Preventive triple negative breast cancer vaccine begins the first-of-its-kind human trial
A preventive vaccine could be the new hope against triple negative breast cancer, which does not respond to any drug therapy.
The first-of-its-kind clinical trial will begin at the Cleveland Clinic in the United States and will end in September 2022.
Both patients who have already undergone mastectomy and healthy people at high risk of developing cancer, such as those who have mutations in the #BRCA1 gene, could benefit from this therapy.
Triple negative breast cancer is so defined because its cells do not have any of the three molecular targets against which there are targeted treatments (estrogen receptor, progesterone receptor, increased HER-2 expression). Therefore, this tumor does not respond to hormonal therapies or specific drugs that work against other breast cancers. The only option available for patients is the surgical one, which consists in the removal of the entire mammary gland (mastectomy). For triple negative breast cancer, it is therefore even more important to have a prevention strategy.
Although it represents only 12-15% of all new breast cancer diagnoses - in Italy almost 55,000 every year - it is also the one with the highest rate of mortality and relapse. It occurs more frequently in Afroamerican women and in those who have a mutation in the BRCA1 gene (70-80% of cases).
Healthy women at risk of developing cancer or those already undergone mastectomy with a high risk of recurrence could benefit from this therapy. The preventive drug vaccine would work in a similar way to that of the more familiar vaccines against infectious diseases, which present part of the pathogen to the immune system to instruct it to recognize and fight the infection.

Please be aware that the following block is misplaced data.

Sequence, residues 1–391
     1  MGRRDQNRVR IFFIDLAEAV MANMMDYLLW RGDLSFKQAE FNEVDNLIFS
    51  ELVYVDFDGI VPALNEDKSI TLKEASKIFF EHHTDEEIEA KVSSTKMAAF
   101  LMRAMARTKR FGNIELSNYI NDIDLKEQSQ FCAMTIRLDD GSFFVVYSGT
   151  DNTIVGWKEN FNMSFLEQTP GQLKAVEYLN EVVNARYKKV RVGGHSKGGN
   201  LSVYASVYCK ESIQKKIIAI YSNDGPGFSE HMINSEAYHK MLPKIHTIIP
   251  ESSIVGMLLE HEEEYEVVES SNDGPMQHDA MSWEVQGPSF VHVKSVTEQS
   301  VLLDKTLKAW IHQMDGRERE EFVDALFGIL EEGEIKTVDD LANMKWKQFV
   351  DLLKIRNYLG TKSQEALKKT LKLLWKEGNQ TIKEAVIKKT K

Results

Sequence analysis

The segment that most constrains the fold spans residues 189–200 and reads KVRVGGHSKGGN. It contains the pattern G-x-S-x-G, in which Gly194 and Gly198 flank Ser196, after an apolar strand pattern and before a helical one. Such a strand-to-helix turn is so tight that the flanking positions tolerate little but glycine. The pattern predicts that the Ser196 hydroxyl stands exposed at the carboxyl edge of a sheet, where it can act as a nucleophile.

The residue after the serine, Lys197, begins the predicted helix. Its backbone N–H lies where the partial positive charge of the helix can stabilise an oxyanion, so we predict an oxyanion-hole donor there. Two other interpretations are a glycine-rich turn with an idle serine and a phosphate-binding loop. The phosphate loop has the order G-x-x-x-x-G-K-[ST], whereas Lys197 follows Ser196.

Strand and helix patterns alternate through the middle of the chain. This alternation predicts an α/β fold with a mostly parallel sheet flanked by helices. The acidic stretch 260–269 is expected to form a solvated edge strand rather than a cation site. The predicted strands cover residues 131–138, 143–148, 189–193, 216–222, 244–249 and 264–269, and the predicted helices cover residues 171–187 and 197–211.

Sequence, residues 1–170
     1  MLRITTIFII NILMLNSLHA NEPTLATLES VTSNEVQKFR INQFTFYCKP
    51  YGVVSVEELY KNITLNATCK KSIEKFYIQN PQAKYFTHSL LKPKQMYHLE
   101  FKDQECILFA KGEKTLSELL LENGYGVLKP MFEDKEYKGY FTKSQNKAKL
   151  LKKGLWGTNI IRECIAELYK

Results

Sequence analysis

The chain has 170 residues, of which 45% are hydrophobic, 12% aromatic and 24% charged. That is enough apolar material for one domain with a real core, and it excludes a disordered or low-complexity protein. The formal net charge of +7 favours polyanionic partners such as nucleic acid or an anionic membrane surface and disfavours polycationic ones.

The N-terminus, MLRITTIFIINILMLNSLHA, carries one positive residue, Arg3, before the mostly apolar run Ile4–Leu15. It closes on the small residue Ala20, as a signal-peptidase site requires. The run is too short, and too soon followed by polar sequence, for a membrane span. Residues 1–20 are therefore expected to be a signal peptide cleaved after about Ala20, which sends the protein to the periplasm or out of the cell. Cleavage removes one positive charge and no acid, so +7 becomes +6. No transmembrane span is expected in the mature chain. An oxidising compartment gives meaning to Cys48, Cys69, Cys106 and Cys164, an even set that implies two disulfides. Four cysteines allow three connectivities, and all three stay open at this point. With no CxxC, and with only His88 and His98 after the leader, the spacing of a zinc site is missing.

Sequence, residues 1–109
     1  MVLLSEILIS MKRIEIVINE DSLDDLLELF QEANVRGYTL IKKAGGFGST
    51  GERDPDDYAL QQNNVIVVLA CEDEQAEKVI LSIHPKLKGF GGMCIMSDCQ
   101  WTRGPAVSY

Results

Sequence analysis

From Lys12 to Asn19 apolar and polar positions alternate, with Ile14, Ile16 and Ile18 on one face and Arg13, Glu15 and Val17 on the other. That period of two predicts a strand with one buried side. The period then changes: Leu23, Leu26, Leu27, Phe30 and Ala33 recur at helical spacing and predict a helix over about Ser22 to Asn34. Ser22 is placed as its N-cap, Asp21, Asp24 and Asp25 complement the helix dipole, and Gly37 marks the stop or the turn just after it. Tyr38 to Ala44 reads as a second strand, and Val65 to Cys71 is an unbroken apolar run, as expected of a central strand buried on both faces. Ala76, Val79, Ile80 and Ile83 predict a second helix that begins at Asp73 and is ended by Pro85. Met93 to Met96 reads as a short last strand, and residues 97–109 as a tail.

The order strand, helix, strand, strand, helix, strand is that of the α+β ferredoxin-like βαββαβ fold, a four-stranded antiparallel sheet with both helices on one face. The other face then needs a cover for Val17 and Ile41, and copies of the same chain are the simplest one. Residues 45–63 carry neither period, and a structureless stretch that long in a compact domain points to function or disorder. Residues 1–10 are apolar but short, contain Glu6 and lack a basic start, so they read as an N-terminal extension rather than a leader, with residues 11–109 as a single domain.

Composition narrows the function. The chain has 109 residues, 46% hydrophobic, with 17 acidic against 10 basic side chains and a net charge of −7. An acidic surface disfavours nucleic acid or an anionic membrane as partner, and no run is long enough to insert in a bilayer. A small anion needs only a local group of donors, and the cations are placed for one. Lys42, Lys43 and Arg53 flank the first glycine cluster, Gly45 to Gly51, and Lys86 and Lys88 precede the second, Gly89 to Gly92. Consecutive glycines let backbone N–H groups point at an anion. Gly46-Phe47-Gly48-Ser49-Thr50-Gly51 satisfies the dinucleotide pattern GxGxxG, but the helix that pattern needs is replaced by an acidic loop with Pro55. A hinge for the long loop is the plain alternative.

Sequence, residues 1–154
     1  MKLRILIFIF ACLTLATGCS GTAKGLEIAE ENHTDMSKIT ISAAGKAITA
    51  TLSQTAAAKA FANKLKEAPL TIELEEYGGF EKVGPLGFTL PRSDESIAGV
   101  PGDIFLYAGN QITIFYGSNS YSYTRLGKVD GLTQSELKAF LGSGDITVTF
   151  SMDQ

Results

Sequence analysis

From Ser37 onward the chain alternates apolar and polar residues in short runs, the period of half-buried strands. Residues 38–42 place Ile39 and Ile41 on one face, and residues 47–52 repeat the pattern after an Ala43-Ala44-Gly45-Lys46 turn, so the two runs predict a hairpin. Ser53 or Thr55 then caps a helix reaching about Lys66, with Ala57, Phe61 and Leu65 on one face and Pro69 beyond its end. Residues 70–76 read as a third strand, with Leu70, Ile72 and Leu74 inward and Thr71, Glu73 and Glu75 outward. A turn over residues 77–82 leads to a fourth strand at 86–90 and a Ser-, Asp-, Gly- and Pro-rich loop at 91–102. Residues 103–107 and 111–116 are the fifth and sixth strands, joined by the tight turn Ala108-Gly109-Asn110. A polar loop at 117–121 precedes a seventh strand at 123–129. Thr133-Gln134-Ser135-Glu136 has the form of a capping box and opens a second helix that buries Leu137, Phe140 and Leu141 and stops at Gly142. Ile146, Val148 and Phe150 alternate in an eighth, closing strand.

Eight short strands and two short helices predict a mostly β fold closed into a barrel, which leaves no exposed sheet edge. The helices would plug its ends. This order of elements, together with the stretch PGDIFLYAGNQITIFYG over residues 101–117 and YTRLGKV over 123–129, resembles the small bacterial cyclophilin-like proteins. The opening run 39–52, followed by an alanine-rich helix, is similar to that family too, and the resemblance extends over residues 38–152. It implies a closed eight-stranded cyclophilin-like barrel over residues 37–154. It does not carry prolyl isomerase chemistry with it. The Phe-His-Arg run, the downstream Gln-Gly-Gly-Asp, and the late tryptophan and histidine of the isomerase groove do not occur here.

In the case of a tumor, however, designing a vaccine is much more complicated. While a pathogen is completely foreign to the human body, the cells of a tumor express, for the most part, the same molecules of which the organism is composed. Therefore, a common side effect could be an autoimmune reaction, in the event that the molecular target of the vaccine is also present on healthy cells.
The target of the vaccine candidate developed at the Cleveland Clinic, however, is expressed in normal tissues only in a specific phase of a woman's life, that is, during lactation. The protein is called alpha-lactalbumin and is instead present in large quantities on the surface of triple negative breast cancer cells. The vaccine also contains an adjuvant that stimulates an innate immune response and protects against the onset of cancer. The drug would be recommended especially for women in the post-partum or pre-menopausal period: in the absence of lactation, the risk of side effects and autoimmune reactions would be minimized.
The vaccine prototype was found to be safe and effective in laboratory animals. Not only did it protect mice from breast cancer, it also blocked the growth of pre-existing tumors. With these findings, the scientists were able to start the clinical trial, which will terminate in September 2022. The study, the first of its kind, will include 18 to 24 patients who have been treated for triple-negative breast cancer in the past. three years. The vaccine will be given in three doses, each two weeks apart.
A subsequent study, however, will involve healthy women at high risk of developing breast cancer, who have decided to undergo preventive voluntary bilateral mastectomy. These women typically have mutations in the BRCA1 or BRCA2 genes or have a high familial risk for any form of breast cancer.
This vaccination strategy, the researchers commented, has the potential to be applied to other types of cancers, including those of the ovaries or endometrium. If successful, cancer vaccines could transform the way we control adult-onset cancers in a similar way to how the pediatric vaccination program has helped reduce the incidence of some infectious diseases.